Sevil Miyhandar joined CCS in 1999 and currently serves as Corporate Vice President & Managing Director of the firm. She has experience working with international organizations, science research institutions, hospitals, social service, and national advocacy organizations. She has assisted clients with fund raising, organizational development, leadership and major donor programs and training. Sevil has raised millions of dollars on behalf of diverse social welfare causes from foundations, individuals, and corporations. Sevil has a degree in Political Studies from Bard College (B.A.) and also did undergraduate studies at the University of the Western Cape in South Africa.
Managing Partner, Saratoga Partners
Chris Oberbeck is Managing Partner and a founder of Saratoga Partners, a New York-based private equity investment firm. His investment and board of director responsibilities include Advanced Lighting Technologies, Inc., Emeritus Corporation, Koppers Inc., CEMA Lighting Products India Pvt. Ltd., and Memen Pharmaceuticals, LLC. Oberbeck has been a trustee since 1990 of a private foundation which donates primarily to education-oriented charities and scholarships. He started the Renaissance Scholars Fund at Exeter in 1997. He has been a member of the International Chapter of the Young Presidents’ Organization for many years.
Tess O’Dwyer provides strategic planning and fundraising counsel to cultural, civic, and social justice leaders of the nonprofit sector, such as Jazz at Lincoln Center, Film Society of Lincoln Center, Symphony Space, and WNYC Public Radio. Prior to launching her consultancy, O’Dwyer held leadership positions at some of New York City’s premier cultural nonprofits, among them: Director of Development at the Whitney Museum of American Art and Associate Director of Individual & Major Gifts at Lincoln Center for the Performing Arts. Her performance was ranked in the top ten by the Association of Art Museum Directors in a survey of 200+ museums in the United States. Her record-breaking galas were ranked first in net revenue and top ten in style by Bizbash Magazine.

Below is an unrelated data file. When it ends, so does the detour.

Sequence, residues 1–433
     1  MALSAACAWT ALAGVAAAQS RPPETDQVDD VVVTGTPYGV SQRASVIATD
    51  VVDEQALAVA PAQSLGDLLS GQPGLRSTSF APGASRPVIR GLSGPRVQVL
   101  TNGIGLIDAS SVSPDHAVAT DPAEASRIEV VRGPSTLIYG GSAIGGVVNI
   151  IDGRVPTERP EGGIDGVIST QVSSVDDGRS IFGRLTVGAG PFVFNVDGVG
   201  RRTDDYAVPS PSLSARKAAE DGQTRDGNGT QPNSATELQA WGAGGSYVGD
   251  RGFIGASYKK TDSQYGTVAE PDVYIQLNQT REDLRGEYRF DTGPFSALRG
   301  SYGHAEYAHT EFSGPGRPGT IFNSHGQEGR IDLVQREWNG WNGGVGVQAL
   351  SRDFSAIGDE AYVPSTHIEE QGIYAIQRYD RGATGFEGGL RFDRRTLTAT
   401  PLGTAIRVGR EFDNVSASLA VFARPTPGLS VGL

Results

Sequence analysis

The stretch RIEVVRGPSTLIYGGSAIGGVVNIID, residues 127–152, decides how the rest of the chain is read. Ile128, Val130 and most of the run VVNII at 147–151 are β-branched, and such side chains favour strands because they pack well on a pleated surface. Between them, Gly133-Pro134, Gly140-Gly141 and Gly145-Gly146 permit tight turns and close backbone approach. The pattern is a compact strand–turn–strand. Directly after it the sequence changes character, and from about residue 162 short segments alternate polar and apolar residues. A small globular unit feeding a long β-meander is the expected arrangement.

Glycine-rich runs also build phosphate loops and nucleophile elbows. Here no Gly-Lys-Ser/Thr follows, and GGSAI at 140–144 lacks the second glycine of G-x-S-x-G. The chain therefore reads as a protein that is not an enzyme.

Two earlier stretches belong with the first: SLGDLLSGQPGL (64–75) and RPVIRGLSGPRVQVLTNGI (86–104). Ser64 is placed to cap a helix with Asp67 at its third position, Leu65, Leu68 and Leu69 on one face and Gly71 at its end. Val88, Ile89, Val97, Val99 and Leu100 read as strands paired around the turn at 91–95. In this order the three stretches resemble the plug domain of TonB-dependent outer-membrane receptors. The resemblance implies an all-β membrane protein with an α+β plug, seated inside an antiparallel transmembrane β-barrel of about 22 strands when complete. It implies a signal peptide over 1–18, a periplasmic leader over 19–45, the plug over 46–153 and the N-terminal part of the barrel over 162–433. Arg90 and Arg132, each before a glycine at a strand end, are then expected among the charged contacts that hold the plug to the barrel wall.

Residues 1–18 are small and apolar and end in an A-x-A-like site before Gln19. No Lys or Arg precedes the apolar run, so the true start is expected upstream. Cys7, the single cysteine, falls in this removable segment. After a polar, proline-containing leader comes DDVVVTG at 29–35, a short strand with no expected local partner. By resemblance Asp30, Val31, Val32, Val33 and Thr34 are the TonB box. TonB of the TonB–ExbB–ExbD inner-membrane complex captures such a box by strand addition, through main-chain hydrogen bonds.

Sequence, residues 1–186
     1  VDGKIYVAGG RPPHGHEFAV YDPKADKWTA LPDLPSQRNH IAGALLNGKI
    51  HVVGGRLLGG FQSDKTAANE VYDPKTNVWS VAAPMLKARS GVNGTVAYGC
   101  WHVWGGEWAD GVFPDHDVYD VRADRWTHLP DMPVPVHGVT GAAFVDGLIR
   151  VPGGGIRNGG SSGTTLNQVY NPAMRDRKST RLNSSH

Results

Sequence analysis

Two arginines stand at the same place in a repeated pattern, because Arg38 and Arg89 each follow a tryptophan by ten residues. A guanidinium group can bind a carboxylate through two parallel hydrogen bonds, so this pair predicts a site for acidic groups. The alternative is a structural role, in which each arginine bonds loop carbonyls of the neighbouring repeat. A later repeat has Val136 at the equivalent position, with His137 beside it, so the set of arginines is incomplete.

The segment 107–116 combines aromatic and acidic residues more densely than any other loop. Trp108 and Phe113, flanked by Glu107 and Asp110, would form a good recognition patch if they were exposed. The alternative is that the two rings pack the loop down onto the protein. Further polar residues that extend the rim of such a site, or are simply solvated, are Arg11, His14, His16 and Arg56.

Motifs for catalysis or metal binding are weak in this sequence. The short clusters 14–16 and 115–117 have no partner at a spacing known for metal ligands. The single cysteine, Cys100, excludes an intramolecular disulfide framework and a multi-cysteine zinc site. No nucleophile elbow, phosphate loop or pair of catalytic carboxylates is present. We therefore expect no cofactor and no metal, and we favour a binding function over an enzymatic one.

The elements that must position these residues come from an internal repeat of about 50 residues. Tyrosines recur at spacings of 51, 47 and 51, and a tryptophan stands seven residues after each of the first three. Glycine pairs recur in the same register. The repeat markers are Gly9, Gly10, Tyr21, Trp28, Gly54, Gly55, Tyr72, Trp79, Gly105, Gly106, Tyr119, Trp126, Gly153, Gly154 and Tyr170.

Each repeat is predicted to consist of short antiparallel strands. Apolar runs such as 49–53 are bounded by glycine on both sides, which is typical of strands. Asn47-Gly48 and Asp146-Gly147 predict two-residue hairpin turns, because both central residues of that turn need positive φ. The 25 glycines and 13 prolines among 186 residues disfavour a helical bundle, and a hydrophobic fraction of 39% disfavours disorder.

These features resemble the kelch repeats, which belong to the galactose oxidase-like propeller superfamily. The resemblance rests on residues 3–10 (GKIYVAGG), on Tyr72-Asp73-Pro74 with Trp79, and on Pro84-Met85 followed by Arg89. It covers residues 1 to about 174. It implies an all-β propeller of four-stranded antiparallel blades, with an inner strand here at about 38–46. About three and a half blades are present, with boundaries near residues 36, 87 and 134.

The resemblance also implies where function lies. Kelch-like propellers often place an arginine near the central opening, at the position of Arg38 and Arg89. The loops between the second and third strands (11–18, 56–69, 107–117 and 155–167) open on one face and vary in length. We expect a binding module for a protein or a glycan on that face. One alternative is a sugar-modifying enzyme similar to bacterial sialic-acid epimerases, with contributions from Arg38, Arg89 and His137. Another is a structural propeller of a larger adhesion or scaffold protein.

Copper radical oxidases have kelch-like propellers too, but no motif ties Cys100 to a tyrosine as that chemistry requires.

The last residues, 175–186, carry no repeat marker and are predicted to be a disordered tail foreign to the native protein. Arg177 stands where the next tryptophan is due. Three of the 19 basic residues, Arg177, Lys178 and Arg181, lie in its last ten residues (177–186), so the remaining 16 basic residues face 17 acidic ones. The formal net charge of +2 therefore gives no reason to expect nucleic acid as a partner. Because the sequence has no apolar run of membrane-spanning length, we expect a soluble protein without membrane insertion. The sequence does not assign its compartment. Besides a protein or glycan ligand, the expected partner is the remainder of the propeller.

Troubh Partners, LP
John Troubh is co-founder and chief executive of Troubh Partners, a hedge-fund company established in 1996. His most significant philanthropic interests have included Union, Doctors Without Borders, the East Harlem School, and the New York City Parks Foundation, where he is a Trustee. Together with his wife Louisa, Troubh is a major supporter of the Albert Oliver Program, an educational and multi-service organization providing secondary school scholarships to African American and Latino students from New York City. His interest in the importance of literacy and literary education, particularly among minorities and the poor, drew him to the PEN American Center.
Chairman, Clark & Weinstock (consulting Firm)
Davis is Chairman of Clark & Weinstock, a consulting firm for public affairs, with offices in New York, Washington, D.C., and Paris. Weinstock counsels leaders of governments and of large, complex organizations—including both multinational corporations and nonprofits—providing strategies related to the challenges and opportunities surrounding public affairs. He has been particularly active in counseling on various types of crises, as well as progressive campaigns and issues, and mergers and acquisitions.
As a writer and producer, Weinstock’s work has included a large number of films, series, and pilots for national networks and the BBC; three plays presented in New York; the feature film Tomorrow; and articles in numerous national publications. He has been president of the Board of Trustees of Hopkins School in New Haven and has headed the boards of the Nation Institute and CORO. He is a director of the W.E.B. Dubois Institute at Harvard University, New Visions for Public Schools, Apollo Inner-City Corporation, Impact Repertory Theater and the Flea Theater in Tribeca.